After all, the ‘unable or unwilling’ doctrine has not been consented by the key factor State, i.e. Iraq, who alone is entitled to request other States to exercise the collective right of self-defense against Syria, as noted above.52 Moreover, the doctrine has not been expressly authorized by neither the Security Council nor the ICJ. There is, however, an alternative solution for the exercise of the right of self-defense.

4. A Composite Act

International terrorist activities by the non-State group of ISIL across the border of Syria may be assumed as a composite act consisting of two internationally wrongful acts: omission to prevent cross-border attacks; and action of cross-border use of force by such a non-State group as ISIL.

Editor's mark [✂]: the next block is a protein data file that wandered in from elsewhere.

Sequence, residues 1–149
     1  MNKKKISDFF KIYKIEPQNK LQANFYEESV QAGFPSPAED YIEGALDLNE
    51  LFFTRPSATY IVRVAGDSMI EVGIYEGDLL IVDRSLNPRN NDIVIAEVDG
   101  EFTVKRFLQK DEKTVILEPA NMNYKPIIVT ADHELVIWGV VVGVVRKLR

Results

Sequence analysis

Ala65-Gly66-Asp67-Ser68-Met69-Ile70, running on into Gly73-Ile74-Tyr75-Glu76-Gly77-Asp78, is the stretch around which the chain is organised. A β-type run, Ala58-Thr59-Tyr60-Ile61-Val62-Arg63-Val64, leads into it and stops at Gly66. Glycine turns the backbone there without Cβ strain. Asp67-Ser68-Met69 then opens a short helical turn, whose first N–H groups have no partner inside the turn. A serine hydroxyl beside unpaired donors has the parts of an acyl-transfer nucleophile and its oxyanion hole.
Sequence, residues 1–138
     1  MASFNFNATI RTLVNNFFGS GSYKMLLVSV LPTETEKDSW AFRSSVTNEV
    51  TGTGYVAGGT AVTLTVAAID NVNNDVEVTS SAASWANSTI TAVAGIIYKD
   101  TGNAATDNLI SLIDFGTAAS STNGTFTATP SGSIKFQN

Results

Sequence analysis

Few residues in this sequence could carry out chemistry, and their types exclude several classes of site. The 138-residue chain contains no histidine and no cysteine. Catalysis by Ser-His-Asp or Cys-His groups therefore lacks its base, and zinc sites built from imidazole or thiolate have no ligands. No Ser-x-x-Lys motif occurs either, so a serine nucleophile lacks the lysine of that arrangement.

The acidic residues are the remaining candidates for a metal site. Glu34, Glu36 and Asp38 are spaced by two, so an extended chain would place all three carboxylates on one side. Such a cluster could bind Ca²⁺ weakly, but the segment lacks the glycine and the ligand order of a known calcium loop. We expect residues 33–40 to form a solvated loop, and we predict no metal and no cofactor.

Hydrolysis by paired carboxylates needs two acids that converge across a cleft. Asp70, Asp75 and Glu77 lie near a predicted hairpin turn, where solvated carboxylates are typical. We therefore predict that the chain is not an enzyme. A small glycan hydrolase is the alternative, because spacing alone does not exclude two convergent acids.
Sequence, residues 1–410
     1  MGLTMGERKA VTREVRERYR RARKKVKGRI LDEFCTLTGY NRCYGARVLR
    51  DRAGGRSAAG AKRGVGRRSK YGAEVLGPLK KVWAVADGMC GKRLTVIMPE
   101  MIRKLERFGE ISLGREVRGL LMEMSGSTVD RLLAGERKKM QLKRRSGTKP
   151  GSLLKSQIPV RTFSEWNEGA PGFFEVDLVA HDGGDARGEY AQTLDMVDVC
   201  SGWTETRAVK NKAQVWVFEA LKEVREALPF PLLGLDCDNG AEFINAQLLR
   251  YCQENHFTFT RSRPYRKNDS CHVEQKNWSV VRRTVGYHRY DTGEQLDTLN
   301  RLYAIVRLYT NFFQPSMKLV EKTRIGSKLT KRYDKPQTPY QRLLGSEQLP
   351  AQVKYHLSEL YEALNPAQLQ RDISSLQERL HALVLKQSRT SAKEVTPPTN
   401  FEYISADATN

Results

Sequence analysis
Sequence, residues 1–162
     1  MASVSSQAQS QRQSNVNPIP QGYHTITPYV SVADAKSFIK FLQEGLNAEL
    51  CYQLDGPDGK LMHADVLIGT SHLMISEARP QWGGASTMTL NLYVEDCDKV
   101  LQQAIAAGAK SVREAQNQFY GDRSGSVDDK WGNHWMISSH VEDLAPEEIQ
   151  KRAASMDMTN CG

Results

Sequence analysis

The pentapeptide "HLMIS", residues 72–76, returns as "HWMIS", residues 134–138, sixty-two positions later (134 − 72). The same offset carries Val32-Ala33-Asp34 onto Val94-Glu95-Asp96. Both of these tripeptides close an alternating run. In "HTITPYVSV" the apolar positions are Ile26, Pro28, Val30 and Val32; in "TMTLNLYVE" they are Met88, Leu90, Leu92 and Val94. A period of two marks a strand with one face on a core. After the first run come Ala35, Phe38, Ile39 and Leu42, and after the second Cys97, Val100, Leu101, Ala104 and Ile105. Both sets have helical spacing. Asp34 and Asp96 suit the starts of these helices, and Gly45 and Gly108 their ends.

A composite act is defined in the International Law Commission’s Draft Articles on Responsibility of States for Internationally Wrongful Acts. “The breach of an international obligation by a State through a series of actions or omissions defined in aggregate as wrongful occurs when the action or omission occurs which, taken with the other actions or omissions, is sufficient to constitute the wrongful act.”53 In the case of crimes against humanity, for example, the composite act is a violation separate from the individual violations of human rights of which it is composed.54 In the similar vein, a general situation rather than specific instances is focused in the United States counterclaim in Oil Platforms.55 In Ireland v. the United Kingdom, a practice consists of an accumulation of “breaches which are sufficiently numerous and inter-connected to amount not merely to isolated incidents or exceptions but to a pattern or system; a practice does not of itself constitute a violation separate from such breaches.”56 Thus, ISIL’s cross-border terrorist activities may amount to the practice of “armed attack” under article 51 of the UN Charter.